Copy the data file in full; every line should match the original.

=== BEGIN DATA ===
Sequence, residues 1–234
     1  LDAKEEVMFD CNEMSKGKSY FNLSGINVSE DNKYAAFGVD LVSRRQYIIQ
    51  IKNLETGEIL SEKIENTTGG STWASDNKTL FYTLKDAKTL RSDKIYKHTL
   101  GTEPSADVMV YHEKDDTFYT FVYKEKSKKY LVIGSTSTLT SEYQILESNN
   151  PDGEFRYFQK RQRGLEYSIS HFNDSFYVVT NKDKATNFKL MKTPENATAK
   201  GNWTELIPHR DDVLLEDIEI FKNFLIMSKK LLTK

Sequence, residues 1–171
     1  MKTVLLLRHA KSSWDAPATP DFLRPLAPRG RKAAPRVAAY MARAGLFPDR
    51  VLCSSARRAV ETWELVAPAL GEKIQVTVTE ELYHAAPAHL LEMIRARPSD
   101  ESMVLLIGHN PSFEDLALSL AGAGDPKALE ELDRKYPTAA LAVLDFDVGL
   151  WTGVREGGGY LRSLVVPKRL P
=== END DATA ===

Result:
Sequence, residues 1–234
     1  LDAKEEVMFD CNEMSKGKSY FNLSGINVSE DNKYAAFGVD LVSRRQYIIQ
    51  IKNLETGEIL SEKIENTTGG STWASDNKTL FYTLKDAKTL RSDKIYKHTL
   101  GTEPSADVMV YHEKDDTFYT FVYKEKSKKY LVIGSTSTLT SEYQILESNN
   151  PDGEFRYFQK RQRGLEYSIS HFNDSFYVVT NKDKATNFKL MKTPENATAK
   201  GNWTELIPHR DDVLLEDIEI FKNFLIMSKK LLTK

Sequence, residues 1–171
     1  MKTVLLLRHA KSSWDAPATP DFLRPLAPRG RKAAPRVAAY MARAGLFPDR
    51  VLCSSARRAV ETWELVAPAL GEKIQVTVTE ELYHAAPAHL LEMIRARPSD
   101  ESMVLLIGHN PSFEDLALSL AGAGDPKALE ELDRKYPTAA LAVLDFDVGL
   151  WTGVREGGGY LRSLVVPKRL P